The hardest part of software development - identifying and prioritising business requirements
Writing software isn’t difficult when you know what you want to do. Coding is the easy bit. The tricky bit is working out what your end users and your customers really need. And when you think you’ve done that, you’ve got to document it and communicate it in a way that makes it as easy as possible for your development team to design and build the best solution.
There are some challenges that make the job harder:
- You might not be that close to the end user. It can be harder than you think to find out what people really want, particularly if you’re building software for a customer that sits between you and the end users.
- You have some bigger, more vocal customers who have different requirements and want different features.
- You’re a business where internal teams compete for limited development resources.
- Commercial pressures inside your business can mean unrealistic expectations. You’re under pressure from business development to deliver a lot of new features in too short a period of time.
- You’re being asked to add new features to a big, well established product. A lot of software products get more complicated over time and it becomes harder and harder to add new features.
What are the solutions?
Remember this goal - a single product backlog of high quality requirements.
You want as much clarity as possible before you put user stories/requirements into the product backlog. That means doing some high quality upfront analysis work around bigger items and it means filtering out as many bad ideas as you can.
Here are some things you can do to streamline they way you identify, prioritise and document user requirements:
1. Simply the admin.
Do everything you can to avoid lists of requirements in MS Excel - they are always hard to read and you inevitably get versioning problems. Software systems like JIRA are purpose built for managing and sharing product backlogs.
2. Create a template for documenting requirement.
Put requirements in simple tables and avoid long wordy specifications. Use your document template for the requirements analysis work you need to do around larger items before you can add them to the product backlog.
Document requirements as ‘user stories’ - short statements that describe the requirement from a user’s point of view. A larger requirement can be broken down into a collection of user stories. You can also add in simple mock-ups and screenshots where more explanation is needed.
Here’s an example of a requirement presented as a user story:
“As a trainer I want the course booking system to include delegate attendance tracking so I can quickly record who attended each of my course sessions.”
3. Make your end-to-end requirements capture/user story discovery process transparent.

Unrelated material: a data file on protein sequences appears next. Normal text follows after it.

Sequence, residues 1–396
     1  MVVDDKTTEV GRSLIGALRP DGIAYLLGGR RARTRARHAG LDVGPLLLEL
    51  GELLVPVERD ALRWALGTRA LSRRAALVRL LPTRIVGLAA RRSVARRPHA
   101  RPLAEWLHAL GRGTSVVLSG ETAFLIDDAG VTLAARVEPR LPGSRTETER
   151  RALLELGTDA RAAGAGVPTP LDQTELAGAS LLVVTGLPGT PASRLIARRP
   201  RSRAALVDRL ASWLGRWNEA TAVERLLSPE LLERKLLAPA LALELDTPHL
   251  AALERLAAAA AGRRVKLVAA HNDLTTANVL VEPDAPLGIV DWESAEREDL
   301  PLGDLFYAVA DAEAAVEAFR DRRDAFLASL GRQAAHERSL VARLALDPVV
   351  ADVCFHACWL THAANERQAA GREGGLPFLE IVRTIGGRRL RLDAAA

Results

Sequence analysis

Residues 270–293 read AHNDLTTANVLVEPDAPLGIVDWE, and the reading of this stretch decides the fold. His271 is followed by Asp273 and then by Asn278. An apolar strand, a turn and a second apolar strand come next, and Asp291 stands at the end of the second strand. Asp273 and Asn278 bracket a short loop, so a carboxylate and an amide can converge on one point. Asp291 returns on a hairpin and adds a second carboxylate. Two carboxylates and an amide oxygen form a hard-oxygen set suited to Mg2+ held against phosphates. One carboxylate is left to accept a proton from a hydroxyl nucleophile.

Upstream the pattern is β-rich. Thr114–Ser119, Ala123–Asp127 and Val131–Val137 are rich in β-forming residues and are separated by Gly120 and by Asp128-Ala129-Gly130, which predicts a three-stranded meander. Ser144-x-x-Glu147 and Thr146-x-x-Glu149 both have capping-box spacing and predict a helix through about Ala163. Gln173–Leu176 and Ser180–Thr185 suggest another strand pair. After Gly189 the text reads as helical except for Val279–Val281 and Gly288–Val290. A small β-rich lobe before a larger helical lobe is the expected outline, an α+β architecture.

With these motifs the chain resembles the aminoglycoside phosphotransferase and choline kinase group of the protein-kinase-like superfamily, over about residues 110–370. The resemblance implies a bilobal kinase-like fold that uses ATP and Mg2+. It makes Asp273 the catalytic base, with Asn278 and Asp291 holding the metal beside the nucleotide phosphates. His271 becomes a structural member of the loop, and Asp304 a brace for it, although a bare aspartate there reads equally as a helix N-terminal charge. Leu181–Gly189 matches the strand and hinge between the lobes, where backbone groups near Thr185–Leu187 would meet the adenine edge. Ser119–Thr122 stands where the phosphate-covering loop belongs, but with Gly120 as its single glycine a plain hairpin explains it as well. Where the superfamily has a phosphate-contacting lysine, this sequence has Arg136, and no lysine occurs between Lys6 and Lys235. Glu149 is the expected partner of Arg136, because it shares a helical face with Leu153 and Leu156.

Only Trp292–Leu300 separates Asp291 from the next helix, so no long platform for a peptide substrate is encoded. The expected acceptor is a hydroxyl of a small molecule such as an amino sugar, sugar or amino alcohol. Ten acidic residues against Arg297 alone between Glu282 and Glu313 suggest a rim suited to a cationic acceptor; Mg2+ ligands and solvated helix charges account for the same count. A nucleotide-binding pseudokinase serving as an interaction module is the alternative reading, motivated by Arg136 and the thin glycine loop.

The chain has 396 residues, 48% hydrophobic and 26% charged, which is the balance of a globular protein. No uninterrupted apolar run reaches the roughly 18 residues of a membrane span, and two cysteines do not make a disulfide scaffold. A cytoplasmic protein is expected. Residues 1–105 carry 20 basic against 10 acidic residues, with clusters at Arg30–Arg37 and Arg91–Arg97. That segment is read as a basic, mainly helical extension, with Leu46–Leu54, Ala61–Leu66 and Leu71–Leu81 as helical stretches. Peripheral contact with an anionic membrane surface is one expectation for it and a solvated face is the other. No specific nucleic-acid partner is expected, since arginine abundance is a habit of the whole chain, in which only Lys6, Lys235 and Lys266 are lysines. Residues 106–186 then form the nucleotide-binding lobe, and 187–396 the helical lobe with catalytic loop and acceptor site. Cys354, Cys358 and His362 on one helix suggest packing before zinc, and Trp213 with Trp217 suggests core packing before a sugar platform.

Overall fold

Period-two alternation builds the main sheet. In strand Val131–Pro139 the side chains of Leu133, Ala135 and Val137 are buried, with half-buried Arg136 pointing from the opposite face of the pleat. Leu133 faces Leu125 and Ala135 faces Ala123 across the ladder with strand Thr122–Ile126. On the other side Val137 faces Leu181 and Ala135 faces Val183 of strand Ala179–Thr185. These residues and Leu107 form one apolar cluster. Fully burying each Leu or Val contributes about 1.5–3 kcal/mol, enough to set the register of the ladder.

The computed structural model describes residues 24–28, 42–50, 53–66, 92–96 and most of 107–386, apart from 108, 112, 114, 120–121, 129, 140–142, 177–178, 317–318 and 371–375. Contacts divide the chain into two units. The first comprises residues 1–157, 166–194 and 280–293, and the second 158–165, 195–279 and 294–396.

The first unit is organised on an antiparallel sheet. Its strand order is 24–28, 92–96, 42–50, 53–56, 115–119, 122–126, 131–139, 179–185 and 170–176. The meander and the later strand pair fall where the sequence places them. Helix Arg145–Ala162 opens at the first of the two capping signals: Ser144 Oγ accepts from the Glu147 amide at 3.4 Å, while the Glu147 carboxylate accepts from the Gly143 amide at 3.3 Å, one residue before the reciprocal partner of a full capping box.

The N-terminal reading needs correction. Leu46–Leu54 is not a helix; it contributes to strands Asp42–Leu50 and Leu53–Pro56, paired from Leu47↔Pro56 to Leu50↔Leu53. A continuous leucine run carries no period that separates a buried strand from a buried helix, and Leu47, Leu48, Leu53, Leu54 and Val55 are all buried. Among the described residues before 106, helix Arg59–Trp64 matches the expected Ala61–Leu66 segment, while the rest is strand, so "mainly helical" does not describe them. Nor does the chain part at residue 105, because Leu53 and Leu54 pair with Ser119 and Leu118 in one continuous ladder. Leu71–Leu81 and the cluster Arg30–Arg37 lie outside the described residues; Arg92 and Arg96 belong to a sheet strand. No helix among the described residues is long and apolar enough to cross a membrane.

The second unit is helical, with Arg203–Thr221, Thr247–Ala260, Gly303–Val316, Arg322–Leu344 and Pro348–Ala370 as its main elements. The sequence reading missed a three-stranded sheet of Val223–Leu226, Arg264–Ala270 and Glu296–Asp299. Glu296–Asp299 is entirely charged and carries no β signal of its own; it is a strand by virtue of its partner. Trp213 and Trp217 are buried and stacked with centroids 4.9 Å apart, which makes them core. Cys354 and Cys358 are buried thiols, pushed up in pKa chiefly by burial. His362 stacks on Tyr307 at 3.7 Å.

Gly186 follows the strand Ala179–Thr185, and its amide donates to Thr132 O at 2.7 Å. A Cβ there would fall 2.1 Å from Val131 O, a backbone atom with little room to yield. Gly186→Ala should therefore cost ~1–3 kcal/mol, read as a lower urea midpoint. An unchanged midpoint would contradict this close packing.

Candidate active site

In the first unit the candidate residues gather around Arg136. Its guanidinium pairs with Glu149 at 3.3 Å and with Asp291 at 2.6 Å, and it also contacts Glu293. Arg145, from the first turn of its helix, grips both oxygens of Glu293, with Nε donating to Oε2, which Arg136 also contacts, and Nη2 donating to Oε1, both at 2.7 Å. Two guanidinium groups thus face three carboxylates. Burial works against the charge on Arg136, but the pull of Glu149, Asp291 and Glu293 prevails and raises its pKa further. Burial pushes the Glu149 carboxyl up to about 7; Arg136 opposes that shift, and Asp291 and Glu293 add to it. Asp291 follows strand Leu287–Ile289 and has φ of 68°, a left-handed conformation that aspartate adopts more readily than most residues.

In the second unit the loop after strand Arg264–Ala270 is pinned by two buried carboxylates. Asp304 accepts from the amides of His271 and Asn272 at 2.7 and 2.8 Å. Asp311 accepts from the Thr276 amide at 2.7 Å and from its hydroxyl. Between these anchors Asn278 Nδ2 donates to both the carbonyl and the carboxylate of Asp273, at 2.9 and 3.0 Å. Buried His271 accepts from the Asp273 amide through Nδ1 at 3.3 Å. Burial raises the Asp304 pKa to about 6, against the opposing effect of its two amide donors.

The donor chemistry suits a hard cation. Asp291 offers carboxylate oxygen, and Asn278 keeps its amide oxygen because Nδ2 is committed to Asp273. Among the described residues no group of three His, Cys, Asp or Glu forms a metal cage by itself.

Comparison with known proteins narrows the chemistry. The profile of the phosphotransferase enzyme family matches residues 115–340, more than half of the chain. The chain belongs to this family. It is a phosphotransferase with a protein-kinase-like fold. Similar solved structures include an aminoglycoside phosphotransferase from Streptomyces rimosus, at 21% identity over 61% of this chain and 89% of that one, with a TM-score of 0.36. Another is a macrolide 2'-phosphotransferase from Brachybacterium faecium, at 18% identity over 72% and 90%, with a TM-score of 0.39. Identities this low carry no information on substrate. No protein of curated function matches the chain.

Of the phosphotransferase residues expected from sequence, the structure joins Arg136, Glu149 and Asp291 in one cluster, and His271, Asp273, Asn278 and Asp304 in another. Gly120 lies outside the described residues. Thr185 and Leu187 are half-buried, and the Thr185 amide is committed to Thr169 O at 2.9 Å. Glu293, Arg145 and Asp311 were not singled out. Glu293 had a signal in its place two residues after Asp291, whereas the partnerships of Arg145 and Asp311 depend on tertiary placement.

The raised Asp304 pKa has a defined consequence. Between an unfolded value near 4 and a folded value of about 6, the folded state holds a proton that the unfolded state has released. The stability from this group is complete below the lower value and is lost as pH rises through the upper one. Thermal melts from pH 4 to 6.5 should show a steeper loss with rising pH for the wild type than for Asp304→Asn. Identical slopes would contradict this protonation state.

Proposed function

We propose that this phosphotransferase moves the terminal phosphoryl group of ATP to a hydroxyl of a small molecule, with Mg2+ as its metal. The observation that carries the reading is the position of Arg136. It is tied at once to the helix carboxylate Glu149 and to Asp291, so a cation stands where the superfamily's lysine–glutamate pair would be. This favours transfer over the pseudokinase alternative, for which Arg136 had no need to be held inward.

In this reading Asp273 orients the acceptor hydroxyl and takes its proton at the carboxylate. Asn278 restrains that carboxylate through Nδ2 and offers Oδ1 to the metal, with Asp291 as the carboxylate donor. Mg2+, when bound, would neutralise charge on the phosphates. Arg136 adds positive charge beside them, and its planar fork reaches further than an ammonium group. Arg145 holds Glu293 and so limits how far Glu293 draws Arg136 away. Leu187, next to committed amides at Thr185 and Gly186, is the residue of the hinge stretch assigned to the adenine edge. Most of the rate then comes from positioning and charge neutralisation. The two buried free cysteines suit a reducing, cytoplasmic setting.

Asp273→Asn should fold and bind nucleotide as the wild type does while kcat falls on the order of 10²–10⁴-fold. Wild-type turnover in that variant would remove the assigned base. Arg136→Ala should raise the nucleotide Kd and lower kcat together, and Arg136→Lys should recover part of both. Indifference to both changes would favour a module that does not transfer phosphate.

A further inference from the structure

Encourage your colleagues to see it as a kind of production line. You start at one end with vague ideas (some good, some bad) and finish at the other end with developers working on new features.
Make sure your colleagues understand that new feature ideas need to go through a simple process of analysis and validation before they can be added to the product backlog.
4. Use customer focus groups.
Talk to customers - find out if they are really prepared to pay for new features. Use very simple mockups/prototypes to test out larger ideas before you commit valuable developer time.
Can bigger developments be simplified and turned into mini ‘minimum viable products’? Maybe you can slightly simpler versions of new features, get some user feedback and then do further enhancements.
5. Find other ways to test big ideas and features before you commit to development.
Amazon famously tests out new product ideas with mock press releases. Before building and releasing a new product Amazon will create a mock product review - they call it a ‘working backwards document’. They then test out the mock press releases on internal staff. Products only get developed if people like the press release.
6. Educate your colleagues about feature development time.
Estimate development jobs and then compare estimates with actuals. Do this for every development sprint.
Share the data about your development team ‘run rate’ with colleagues - a lot of people involved in the wider software/product development process have no idea how long anything takes to build and test. You want your colleagues to have a feel for the relative cost of development of different features.
7. Appoint a Product Manager.
You need someone who can sit between your development team and the people who request new features (internal and external customers).
The Product Manager role is super important - it’s got to be someone who understands the vision for the product and can own/manage the product backlog. They need to understand your customers and what they want, but they also need to understand software development and how long it takes developers to build and test new features.
Maybe the 80-20 rule as it applies to software development - 80% of the value in your software comes from 20% of your requirements. Or at least it will if you don’t get the requirements right. The good news is there are simple things you can do to filter out bad ideas and improve the quality of what’s left.